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Newark public schools may upgrade security system with artificial intelligence


While school safety is paramount these days, some see privacy concerns

Artificial intelligence may be on its way to Newark’s public schools, as the district seeks to replace its security cameras with a surveillance system that would be equipped with A-I.

The new system would have more than 7000 cameras, one for every five students, and be able to recognize not just people but cars, guns, and even sensors to detect chemicals in vape pens.

Community advocates and security experts say such a system could violate the privacy of students and staff. And Chalkbeat Newark’s Jessie Gomez said so far the state has been pretty hands off on A-I.

“In New Jersey there really hasn’t been much said about regulating artificial intelligence, although those conversations are emerging so there might be some regulations down the line for schools but again it all depends on what the state kind of decides to put forth,” she said.

Newark is like many other districts trying to boost security in the wake of mass shootings. New York City bought door locking systems to control access to school buildings. But Gomez said community advocates and security experts see privacy concerns in Newark’s plan.

“The tech experts are saying that school districts should be more careful about vetting this technology and advocates on the ground say it could lead to overpolicing of students,” she said.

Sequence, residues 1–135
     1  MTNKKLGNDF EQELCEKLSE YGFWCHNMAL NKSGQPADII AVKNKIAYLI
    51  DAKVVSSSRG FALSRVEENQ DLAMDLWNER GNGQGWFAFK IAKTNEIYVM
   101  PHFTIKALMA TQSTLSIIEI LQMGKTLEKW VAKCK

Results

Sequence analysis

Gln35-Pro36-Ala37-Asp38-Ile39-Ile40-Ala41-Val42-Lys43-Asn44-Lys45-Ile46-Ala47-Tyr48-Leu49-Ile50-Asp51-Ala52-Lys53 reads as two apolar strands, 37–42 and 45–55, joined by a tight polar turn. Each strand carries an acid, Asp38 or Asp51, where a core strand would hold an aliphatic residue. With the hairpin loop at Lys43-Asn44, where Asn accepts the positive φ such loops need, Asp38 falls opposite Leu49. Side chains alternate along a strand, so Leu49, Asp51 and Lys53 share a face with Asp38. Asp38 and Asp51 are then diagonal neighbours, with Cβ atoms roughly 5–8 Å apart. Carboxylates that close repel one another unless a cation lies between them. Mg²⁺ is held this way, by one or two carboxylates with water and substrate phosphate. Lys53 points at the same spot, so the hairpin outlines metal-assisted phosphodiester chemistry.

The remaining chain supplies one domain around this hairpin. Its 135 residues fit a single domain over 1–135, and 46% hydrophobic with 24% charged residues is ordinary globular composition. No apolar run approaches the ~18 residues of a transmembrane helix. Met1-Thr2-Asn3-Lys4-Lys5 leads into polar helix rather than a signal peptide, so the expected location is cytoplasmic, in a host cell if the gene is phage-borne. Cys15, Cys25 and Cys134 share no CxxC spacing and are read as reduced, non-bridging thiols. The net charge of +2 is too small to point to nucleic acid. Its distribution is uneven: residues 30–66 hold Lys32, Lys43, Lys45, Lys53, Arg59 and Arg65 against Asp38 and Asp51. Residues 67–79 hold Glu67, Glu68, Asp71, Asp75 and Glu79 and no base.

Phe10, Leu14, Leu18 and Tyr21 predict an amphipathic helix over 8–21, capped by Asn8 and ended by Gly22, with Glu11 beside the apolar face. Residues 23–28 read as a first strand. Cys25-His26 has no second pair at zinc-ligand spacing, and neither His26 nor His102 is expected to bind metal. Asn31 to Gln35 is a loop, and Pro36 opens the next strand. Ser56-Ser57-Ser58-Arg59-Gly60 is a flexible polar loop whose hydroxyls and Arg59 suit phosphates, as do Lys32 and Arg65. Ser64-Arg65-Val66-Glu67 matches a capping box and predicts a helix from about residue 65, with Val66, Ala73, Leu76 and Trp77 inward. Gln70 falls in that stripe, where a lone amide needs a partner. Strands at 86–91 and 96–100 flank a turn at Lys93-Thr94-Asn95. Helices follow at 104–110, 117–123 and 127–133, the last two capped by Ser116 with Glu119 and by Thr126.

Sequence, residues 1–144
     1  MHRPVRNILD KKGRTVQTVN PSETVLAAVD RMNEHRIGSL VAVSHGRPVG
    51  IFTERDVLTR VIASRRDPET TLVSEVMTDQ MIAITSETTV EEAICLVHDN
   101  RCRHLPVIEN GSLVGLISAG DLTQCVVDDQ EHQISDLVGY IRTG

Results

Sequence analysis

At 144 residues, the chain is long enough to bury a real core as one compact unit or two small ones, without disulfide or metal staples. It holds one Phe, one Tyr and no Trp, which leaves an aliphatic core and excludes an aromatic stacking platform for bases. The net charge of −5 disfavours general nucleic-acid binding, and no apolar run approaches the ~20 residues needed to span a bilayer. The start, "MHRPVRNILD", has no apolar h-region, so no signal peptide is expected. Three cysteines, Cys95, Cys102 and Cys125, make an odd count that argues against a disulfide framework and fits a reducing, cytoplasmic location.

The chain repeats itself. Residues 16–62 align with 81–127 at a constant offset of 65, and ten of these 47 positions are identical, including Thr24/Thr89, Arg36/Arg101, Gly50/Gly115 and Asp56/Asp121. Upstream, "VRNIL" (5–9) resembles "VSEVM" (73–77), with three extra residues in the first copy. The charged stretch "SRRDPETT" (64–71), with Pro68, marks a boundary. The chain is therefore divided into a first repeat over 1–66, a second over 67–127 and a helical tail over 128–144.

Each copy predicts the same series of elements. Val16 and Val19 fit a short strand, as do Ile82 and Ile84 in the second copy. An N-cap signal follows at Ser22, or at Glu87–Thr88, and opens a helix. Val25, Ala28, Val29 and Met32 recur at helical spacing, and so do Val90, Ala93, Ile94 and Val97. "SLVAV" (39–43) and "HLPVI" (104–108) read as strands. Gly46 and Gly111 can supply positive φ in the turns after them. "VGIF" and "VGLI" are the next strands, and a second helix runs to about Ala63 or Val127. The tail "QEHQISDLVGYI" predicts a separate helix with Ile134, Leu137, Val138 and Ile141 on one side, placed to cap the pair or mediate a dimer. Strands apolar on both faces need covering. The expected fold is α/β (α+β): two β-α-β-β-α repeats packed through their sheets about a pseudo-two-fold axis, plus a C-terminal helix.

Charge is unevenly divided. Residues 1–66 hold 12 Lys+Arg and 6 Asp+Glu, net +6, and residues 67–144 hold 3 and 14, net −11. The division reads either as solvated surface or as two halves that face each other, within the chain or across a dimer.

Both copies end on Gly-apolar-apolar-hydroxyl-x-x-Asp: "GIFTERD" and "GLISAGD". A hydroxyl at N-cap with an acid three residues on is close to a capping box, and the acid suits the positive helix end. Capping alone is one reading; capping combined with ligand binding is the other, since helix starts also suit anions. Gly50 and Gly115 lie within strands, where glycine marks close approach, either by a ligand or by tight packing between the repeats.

The Newark Teachers Union said it has no objection to adding thousands of cameras in district schools as long as they are kept out of classrooms and teacher’s lounges.

Gomez said some in the community are concerned though.

“I think experts and advocates agree that the community deserves to be in these discussions, but more importantly school districts like Newark should help parents understand the implications of this sort of technology,” she said.

Security experts say many school districts are using artificial intelligence cameras with facial recognition systems, systems to manage and store information, and software to monitor students’ social media accounts.

Janice Kirkel is a lifelong award-winning journalist who has done everything from network newscasts to national and local sports reports to business newscasts to specialized reporting and editing in technical areas of business and finance such as bankruptcy, capital structure changes and reporting on the business of the investment business.